Big swap

13:00, 28 December 2017
5 min. 1369

The fact that 74 Ukrainians will celebrate the New Year in their family circle, not in the dungeons of "DPR" and "LPR" militants, can perhaps be considered one of the main positive news of this whole year. At the same time, it is very unfortunate that an "all for all" exchange is not yet on the agenda.

On Wednesday, December 27, Ukraine exchanged 306 people from the lists drawn by “DPR” and “LPR” representatives for 74 Ukrainians, who were illegally captured by militants. "We have plans and proposals on how to free all of them and how to do it as soon as possible. They will only give 74 people, [but] we had to unlock the liberation process. However, we must have all of them released," Ukraine’s representative in the humanitarian subgroup of the Tripartite Contact Group on Donbas, First Vice-Speaker of the Verkhovna Rada Iryna Gerashchenko said on the eve of the swap.

The exchange process lasted several hours, and around 17;00, Ukrainian president’s envoy in the Rada, MP Iryna Lutsenko wrote on Facebook that all 74 Ukrainian hostages who had been in captivity in the occupied territory of Donbas were finally released. "Good news that we can already talk about. The exchange process has been completed. The Ukrainian side received 74 hostages, who had been held in captivity in the occupied part of Donbas. They are coming home!" she wrote.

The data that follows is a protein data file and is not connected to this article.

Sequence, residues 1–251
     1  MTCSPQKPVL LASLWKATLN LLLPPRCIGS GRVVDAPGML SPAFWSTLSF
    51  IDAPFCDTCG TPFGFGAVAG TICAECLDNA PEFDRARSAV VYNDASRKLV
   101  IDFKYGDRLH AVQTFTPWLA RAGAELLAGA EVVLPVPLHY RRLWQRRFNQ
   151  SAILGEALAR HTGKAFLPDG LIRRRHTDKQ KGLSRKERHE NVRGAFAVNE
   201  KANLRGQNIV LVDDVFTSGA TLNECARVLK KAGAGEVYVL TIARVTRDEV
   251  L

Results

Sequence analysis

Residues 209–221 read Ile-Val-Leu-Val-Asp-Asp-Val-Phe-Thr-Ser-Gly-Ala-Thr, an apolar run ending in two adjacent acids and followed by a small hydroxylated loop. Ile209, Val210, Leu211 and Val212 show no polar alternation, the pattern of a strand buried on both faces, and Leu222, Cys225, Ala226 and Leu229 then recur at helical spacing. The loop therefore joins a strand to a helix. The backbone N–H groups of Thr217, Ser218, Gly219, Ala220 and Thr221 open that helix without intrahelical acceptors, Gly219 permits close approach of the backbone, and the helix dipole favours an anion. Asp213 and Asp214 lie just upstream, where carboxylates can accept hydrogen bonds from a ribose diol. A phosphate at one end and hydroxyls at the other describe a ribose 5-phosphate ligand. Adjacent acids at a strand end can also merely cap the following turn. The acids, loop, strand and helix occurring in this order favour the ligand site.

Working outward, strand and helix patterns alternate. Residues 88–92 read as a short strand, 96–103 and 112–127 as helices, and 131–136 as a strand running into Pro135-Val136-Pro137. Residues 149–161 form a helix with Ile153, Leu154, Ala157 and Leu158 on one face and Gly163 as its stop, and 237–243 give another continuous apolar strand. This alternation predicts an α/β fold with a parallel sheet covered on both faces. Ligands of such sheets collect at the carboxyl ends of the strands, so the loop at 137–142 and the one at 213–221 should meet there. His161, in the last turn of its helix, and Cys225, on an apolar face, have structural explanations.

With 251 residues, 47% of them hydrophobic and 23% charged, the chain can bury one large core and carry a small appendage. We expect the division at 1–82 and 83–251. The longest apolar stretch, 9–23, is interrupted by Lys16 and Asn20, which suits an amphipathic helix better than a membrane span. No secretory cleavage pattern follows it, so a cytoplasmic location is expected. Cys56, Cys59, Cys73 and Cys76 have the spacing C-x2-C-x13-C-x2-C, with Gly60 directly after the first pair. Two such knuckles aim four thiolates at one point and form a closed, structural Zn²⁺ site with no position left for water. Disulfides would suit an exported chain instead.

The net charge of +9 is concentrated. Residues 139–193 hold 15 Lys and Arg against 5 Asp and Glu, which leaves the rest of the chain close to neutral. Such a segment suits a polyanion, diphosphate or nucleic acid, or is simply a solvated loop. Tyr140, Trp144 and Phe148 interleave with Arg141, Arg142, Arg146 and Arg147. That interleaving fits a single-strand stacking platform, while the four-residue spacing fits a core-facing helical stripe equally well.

The issue of the liberation of Ukrainians, who are illegally kept by militants in the territories of Donbas beyond government control, has long been on the agenda of negotiations in Minsk. “Swap lists” were being discussed 2 years ago, and they still are, today. Throughout this period, Ukraine managed to move forward at least in the sense that the militants slightly lowered their "appetite": while in early 2017, the "DPR" demanded from Ukraine the release of 524 people and "LPR" – the return of 377 people, by year-end the total list has decreased to about 300 people.

As for the citizens of Ukraine illegally detained by Russian-controlled militants, there are about 170 people in the occupied territories, according to various estimates. However, the separatists do not confirm these reports. Theoretically, the number of people they were willing to release during 2017 ranged from seven dozen to a hundred people.

It is worth noting that Ukraine has repeatedly offered to exchange at least these citizens, being ready to give in return three times more people. Unfortunately, it was never possible to bring such negotiations to a logical conclusion.

However, in order to unblock the exchange process and to release their hostages, Kyiv also went for open concessions - it started to release people from the militants’ lists unilaterally. About a year ago, Ukraine handed over to the Donbas militants 15 people released from detention. Unfortunately, this did not speed up the negotiation process.